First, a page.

Just Wing It

The More Color the Better, Sophomore and Junior Utilize Makeup as a Tool for Expression


Lexie Stewart

Not always sticking to the typical black eyeliner, Stewart lines her eyes with a color that she was feeling. Stewart doesn’t only wear colored looks, but instead bases her choice simply off her mood. “Some days I’m just feeling the brown vibe,” Stewart said.

Deana Trautz, Reporter

Looking down the makeup aisle at common grocery stores, the racks are lined with neutral eyeshadow pallets and black eyeliner. Though these products seem to be what sells to the typical makeup user, junior Cameron Davis and sophomore Lexie Stewart are not buying.

Neutral tones set the foundation for both of them, however Davis says it was when she purchased unconventional colored products that makeup became a mode of expression.

After purchasing a blue mascara, junior Cameron Davis said that everything changed for her. Now leaning more towards colorful, expressive looks, she talks about her confusion as to why people choose more natural tones and shades.

Never limiting herself to only using one color, Davis practices her everyday look. She says how experimenting with makeup is not always easy. “I sometimes mess up and don’t have time to start over,” Davis said. “I’m like, let’s make this look like it was on purpose.”

“I began to think, why are you wearing it just to make it look like you’re not wearing it,” Davis said. “I wanted my makeup to be seen, because if I’m taking my time to do it, I want people to notice.”

She also said how she got contacts to make it easier for others to see her eye makeup.

In middle school color guard, sophomore Lexie Stewart needed to do makeup for performances and at one point she got hers done at Sephora. Stewart says how she watched the lady apply many things onto her face and suddenly felt the urge to recreate everything the employee had been able to do.

“Before I started doing unconventional makeup looks, I used to lock myself in my bathroom with my sister’s makeup and create the weirdest looks, because no one would see it and I just wanted to mess with it,” Stewart said.

Stewart talks about how she eventually had to change her point of view and determine what she truly wanted to get out of wearing makeup.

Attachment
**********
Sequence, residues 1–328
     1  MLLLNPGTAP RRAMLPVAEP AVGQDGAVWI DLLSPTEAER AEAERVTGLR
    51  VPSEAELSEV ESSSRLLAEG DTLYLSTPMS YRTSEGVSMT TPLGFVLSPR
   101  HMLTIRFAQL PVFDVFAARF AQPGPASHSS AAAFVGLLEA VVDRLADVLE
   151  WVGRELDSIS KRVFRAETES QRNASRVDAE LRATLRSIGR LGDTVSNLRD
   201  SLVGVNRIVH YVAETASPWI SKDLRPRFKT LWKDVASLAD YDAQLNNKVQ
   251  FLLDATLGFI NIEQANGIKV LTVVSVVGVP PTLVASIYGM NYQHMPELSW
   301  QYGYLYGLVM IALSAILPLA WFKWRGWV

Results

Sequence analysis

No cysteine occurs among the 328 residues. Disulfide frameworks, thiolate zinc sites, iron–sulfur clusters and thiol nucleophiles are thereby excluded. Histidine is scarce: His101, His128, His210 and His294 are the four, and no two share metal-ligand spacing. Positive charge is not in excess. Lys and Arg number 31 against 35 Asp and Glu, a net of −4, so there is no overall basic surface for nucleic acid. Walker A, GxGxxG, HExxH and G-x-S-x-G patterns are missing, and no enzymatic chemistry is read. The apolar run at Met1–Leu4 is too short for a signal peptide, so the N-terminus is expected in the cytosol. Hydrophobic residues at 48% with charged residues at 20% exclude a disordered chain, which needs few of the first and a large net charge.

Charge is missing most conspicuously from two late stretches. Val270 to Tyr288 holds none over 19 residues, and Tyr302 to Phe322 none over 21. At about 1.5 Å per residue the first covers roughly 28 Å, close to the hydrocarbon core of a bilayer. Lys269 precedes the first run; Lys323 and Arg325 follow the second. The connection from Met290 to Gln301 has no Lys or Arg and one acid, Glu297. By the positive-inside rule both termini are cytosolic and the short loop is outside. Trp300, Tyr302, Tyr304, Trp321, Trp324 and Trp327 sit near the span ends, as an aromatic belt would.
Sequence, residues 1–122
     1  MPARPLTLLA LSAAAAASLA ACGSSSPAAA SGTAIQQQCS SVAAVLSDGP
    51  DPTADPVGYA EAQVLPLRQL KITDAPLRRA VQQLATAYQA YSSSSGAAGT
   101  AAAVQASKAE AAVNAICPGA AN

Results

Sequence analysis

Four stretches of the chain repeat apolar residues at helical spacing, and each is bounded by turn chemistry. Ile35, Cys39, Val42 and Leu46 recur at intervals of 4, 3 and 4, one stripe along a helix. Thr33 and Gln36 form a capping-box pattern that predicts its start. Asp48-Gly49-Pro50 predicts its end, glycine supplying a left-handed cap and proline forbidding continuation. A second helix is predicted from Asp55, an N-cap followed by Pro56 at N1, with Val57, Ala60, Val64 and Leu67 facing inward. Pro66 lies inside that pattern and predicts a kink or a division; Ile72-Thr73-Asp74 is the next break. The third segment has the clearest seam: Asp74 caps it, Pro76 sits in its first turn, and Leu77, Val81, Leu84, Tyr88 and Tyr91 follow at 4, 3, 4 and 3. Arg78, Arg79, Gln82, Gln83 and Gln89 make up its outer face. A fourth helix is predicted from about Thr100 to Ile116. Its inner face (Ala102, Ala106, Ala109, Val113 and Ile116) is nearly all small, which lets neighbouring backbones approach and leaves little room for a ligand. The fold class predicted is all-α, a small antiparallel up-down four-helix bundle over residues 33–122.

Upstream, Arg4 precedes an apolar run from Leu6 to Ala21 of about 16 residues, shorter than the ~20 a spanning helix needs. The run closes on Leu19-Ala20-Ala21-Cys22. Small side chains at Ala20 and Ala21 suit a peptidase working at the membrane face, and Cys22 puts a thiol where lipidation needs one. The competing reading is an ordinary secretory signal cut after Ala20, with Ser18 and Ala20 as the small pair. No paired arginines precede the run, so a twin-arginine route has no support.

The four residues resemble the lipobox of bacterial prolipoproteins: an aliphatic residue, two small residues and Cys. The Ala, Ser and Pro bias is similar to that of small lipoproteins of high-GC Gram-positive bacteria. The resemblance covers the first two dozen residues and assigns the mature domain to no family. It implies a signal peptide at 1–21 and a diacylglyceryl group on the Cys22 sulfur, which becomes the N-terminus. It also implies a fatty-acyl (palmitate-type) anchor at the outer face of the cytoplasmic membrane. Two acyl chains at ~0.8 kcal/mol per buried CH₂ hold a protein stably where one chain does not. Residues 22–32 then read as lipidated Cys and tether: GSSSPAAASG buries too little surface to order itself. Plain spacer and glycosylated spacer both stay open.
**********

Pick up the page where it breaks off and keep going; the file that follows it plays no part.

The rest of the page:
“I stopped going for the ‘natural and trying to make myself look a little bit prettier’ mindset to simply wanting people to notice that I put purple all over my face,” Stewart said. “Most of all, I wanted them to notice that I intentionally matched my eyeliner and lipstick because I had a purple vibe that day.”

Stewart says she loves makeup for the fact that it holds no restraints. Both say how they think of makeup similar to drawing and keep the mindset that if it can be drawn on paper, it can put it on one’s face.

Davis tells how her perspective on what makeup should be led her to holding herself back.

“It was when I stopped thinking of makeup as something that had to look good for other people, when I could finally stop overthinking it,” Davis said. “I started viewing my eyelids as more of a blank canvas.”

These two don’t believe in typical looks either, but say that they enjoy themed looks as well as those that cross the boundary of your eyelid. Stewart says she takes pleasure in being able to go outside the lines of what most people see as ‘normal’ makeup.

“I could wear sad faces on my eyelids if I wanted to, and when I opened my eyes no one could really see them,” Stewart said. “Being able to create art and have it subtly written on your face is to me, very empowering.”

Not everyone enjoys wearing makeup, Stewart acknowledges, however she says it is completely up to that person. Contouring and highlighting is a relatively new makeup technique typically used to accentuate cheekbones. However, it does not have to be used for the sole purpose of portraying admirable bone structure, Stewart says, addressing some misconceptions on the intention behind makeup.